In response to questions from subcommittee members, Francis Collins, the Director of the NIH, said that cuts to F&A would be viewed by the research community as cuts to essential research costs. He also stated that university leaders continue to tell him that they are already subsidizing the research they perform for the NIH, in part because of the costs associated with complying with increasing federal regulations.

At NSF, basic science would fall by $620 million, or 13%, to $4.3 billion. NSF is a major funder of basic research outside of biomedical science. The proposed budget would reverse the basic research agency’s growth back to fiscal year 2007 levels. The Trump plan adds more uncertainty for the agency, which is already struggling to cope with the federal hiring freeze the president instituted in January 2017. The NSF is scheduled to move its headquarters later this year, and an internal survey suggests that 17% of its 2,000 staff plan to leave within the next two years because of this change.

The administration is also seeking a vast simplification of student loan programs – something Republicans have pushed for several years. And there’s wide agreement on both sides of the aisle the federal government’s array of federal repayment programs for student borrowers have become unwieldy and needs to be overhauled.

The political reality is that any changes to loan programs will be tough to pull off — even with the best of intentions. Many of the government’s repayment options, which cap loan payments based on a borrower’s income and family size, are popular not just with low-income Americans, but also with middle- and high-income families.

Trump’s budget would eliminate subsidized student loans, producing nearly $39 billion in savings over the next decade, and a loan forgiveness program for public servants, which would free up more than $27 billion over the next decade. The budget continues funding for year-round Pell grants, which Congress restored earlier this year by reallocating $3.1 billion in mandatory spending on the program over the next decade.

Under Trump’s budget proposal, the Environmental Protection Agency (EPA) would be reduced by more than 30%, larger than in earlier reports. The Department of Energy would receive about a 6% funding cut. That includes a number of Obama-era energy and environmental initiatives, including eliminating the DOE’s Advanced Research Projects Agency-Energy (ARPA-E) and making a 17 percent reduction to the DOE’s basic research portfolio at the Office of Science.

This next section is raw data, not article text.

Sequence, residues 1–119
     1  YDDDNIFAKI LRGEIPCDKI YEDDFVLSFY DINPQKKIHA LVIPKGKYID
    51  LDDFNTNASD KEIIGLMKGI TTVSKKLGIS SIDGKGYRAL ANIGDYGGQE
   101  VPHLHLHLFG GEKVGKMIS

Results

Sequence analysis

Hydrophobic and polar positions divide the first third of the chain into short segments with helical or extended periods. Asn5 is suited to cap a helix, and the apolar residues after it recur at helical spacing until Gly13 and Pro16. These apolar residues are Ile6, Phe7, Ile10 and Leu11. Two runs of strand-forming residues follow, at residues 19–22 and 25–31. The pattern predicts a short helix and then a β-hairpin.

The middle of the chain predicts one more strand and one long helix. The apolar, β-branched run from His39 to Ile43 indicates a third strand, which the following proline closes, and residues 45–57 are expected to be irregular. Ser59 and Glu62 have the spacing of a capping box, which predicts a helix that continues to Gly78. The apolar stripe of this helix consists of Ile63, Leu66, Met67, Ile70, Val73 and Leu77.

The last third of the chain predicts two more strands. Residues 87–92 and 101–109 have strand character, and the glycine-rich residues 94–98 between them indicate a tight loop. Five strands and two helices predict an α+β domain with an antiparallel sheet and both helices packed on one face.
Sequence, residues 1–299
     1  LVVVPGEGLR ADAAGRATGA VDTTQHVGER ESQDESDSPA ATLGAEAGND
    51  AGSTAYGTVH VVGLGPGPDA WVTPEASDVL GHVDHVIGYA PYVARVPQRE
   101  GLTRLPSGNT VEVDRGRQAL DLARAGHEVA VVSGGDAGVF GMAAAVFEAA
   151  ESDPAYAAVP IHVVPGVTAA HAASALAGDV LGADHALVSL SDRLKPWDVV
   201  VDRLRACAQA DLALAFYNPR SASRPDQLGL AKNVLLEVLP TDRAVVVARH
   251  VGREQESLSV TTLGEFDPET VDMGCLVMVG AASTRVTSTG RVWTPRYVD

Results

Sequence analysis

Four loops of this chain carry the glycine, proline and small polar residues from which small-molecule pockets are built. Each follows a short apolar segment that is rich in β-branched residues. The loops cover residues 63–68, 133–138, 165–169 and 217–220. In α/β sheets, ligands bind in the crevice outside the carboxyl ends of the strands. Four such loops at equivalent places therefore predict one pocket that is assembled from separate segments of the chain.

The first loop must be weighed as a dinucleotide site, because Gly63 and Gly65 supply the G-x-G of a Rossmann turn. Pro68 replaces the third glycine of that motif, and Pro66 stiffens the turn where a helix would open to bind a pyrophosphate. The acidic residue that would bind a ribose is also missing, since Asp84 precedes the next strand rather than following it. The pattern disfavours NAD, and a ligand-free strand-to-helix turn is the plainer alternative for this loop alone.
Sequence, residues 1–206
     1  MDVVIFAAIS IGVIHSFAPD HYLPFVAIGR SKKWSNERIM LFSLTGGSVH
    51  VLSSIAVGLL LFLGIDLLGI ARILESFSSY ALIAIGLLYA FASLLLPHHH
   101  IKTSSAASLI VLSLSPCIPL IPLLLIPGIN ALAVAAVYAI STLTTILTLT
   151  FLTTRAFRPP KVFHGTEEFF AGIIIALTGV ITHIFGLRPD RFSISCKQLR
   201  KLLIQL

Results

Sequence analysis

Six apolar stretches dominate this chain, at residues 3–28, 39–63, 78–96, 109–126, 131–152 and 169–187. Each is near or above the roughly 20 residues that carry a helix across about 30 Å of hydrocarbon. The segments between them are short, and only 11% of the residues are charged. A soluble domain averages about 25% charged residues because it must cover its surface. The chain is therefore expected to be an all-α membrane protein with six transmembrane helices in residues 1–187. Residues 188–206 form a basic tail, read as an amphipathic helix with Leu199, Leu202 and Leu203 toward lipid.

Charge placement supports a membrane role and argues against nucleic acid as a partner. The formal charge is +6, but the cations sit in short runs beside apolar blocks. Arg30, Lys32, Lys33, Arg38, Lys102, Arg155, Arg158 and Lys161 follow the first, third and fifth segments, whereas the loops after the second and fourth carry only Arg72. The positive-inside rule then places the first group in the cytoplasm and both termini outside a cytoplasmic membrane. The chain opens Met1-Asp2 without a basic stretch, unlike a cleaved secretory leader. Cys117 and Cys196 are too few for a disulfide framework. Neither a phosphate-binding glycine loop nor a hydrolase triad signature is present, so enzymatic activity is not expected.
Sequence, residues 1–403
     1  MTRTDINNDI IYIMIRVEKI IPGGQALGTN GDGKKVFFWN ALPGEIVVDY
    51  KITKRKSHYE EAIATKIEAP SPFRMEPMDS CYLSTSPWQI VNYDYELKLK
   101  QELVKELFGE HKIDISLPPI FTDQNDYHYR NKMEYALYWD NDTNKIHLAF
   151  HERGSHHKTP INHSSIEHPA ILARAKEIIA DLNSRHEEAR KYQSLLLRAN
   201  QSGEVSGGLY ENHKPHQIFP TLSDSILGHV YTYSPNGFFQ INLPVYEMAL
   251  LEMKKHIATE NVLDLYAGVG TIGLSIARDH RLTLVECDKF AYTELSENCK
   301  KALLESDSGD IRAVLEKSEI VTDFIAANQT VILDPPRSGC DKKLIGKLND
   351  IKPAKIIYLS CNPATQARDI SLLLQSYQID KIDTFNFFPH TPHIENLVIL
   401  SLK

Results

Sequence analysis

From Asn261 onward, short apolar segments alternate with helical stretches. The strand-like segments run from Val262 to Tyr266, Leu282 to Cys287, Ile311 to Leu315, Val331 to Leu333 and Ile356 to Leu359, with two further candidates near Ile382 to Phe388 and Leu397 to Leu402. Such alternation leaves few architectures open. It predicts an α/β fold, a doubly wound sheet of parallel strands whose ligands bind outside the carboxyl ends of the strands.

The budget plan, which calls for the elimination of four independent cultural agencies — the National Endowment for the Arts, the National Endowment for the Humanities, the Institute of Museum and Library Services, and the Corporation for Public Broadcasting —would also radically reshape the nation’s cultural infrastructure. Although the budgets of the four organizations slated for elimination are negligible as a percentage of the larger federal budget, they play a vital role in a cultural economy built on a system of federal stimulus.

The word ‘unprecedented’ gets thrown around a lot these days. The president himself has employed the term once or twice. But the budget cuts America’s research institutions face now are not that new. They have a history that dates back to the Apollo mission and the original Reagan budget proposals. President Reagan came into office shockingly bullish on America’s research enterprises. Although Trump’s cuts are the steepest proposed in decades, they are close to Reagan’s initial proposals. Reagan’s budgets met stiff opposition and federal science R&D funding actually increased throughout his tenure.

Although the Obama Administration was largely considered ‘good’ on science and research funding, the percent of R&D (overall and non-defense discretionary) of the total budget was actually higher under George W. Bush. Research funding and higher education enjoy a significant amount of bipartisan support.

Innovation is the lifeblood of American strength and technological charisma. Congress has demonstrated a strong understanding of this reality as have our partners in industry. The current research slash-and-burn attitude is nothing new. The value of a well-oiled university research system is not lost on many of the appropriators key to the budget-writing process. And it is to their quiet remarks and not to hot rhetoric to which we should pay attention to truly understand what an FY18 budget is likely to be. Sometimes, the only thing more valuable than actual capital is political capital; and these days, neither is in great supply.